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Himeji Castle

Lonely Planet was right.

Yesterday I picked up an extra shift in Himeji. It is a city about an 1 hour away form our apartment. In Himeji there is a huge castle, and it's one of the only ones that hasn't been converted into a museum. Our Lonely Planet book says that if you only see one castle in Japan, see the Himeji Castle.

My shift started at 2:35, so I went up in the morning to go through the castle and I agree that the book was right. I ended up leaving late, (we are getting an air conditioner installed today and it's been a huge runaround to get it organized and I had to do more for that yesterday morning) Needless to say I didn't see all of it. There are other gardens and Saumrai quarters that I didn't get to.

Here are a few shots of the castle.

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Here's a brief history of the castle. It was built originally as a fort in 1333. In 1346 they built the premises. Then in mildde of the 16th century they built the castle. The whole castle was completed as it is in 1609. In 1992 it was desingated a UNESCO World Heritage Site.

There are huge gardens that I didn't go through. When you first enter the castle you have to take your shoes off and you can either wear their slippers or just wear your socks. I opted for the slippers and the guy came over to ake sure that they fit me and they weren't too small. They were ok, but I almost blew a tire and lost one going up the stairs. All the stair cases were really steep, but the little old Japanese women powered up them while I was huffing and puffing. (not really, but watching them climb them was impressive.)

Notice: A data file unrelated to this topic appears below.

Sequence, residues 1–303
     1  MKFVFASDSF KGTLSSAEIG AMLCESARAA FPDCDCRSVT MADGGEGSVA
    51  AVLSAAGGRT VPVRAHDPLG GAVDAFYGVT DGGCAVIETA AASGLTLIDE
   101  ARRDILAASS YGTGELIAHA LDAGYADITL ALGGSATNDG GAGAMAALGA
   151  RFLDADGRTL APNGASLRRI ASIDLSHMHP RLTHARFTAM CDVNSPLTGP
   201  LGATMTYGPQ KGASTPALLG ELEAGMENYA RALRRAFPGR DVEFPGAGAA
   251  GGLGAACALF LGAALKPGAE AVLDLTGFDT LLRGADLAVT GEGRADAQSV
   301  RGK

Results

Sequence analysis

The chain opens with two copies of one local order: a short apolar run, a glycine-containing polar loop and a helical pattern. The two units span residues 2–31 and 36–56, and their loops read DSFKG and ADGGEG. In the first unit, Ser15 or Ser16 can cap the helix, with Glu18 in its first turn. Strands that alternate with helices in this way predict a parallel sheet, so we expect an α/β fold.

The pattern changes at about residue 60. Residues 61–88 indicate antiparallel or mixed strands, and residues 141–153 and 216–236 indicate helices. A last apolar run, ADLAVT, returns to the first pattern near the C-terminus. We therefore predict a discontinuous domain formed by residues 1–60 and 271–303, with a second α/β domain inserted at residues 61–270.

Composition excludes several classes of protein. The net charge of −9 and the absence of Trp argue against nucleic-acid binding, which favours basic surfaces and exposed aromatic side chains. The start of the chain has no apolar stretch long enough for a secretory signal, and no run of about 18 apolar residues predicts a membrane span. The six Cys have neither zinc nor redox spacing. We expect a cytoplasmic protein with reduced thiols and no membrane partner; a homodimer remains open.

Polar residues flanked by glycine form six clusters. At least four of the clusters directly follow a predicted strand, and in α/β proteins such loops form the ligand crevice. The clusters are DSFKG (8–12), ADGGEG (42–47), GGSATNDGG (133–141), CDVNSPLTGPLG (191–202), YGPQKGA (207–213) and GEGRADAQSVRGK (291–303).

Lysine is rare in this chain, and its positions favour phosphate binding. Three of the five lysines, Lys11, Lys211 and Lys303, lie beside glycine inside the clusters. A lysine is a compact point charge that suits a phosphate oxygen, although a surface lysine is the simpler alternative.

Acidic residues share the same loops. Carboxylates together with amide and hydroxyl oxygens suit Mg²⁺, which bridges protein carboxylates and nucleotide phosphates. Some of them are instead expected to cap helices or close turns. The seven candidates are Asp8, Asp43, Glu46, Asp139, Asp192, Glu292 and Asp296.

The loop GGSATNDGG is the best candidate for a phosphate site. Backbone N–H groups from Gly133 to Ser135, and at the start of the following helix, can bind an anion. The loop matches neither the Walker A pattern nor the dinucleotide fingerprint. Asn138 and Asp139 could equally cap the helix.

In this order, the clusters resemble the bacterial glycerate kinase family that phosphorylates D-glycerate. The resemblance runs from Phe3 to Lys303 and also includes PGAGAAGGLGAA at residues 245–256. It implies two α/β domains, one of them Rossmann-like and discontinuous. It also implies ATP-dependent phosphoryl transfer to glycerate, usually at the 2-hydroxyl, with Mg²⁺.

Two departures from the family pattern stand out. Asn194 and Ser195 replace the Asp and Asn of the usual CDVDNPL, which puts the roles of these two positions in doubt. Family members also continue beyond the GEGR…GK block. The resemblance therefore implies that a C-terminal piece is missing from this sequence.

The castle was very impressive. My pictures of the inside don't do it justice. The few pictures I do like are:
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They have these arrow holes all around the castle so the warriors could shoot arrows, through rocks or pour boiling water out of them.

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All around the castle they had these weapon racks. Basically every wall had these racks and I imagine that back in the day they were full of weapons. They had a few racks with weapons. There were a couple with guns, one with spears and another with longer spears.

They also had these "secret" rooms where people could hide if they castle was invaded. One of the signs siad that if people had to hide in these rooms the castle was eventually going to be sacked, but they were still expected to fight.

As I was leaving I saw these five old men sitting outside the castle chatting away and having a great old time.

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I didn't spend as much time as I would have liked here, but that means I will just have to go back!

Posted by agc_cwm 16:56 Archived in Japan

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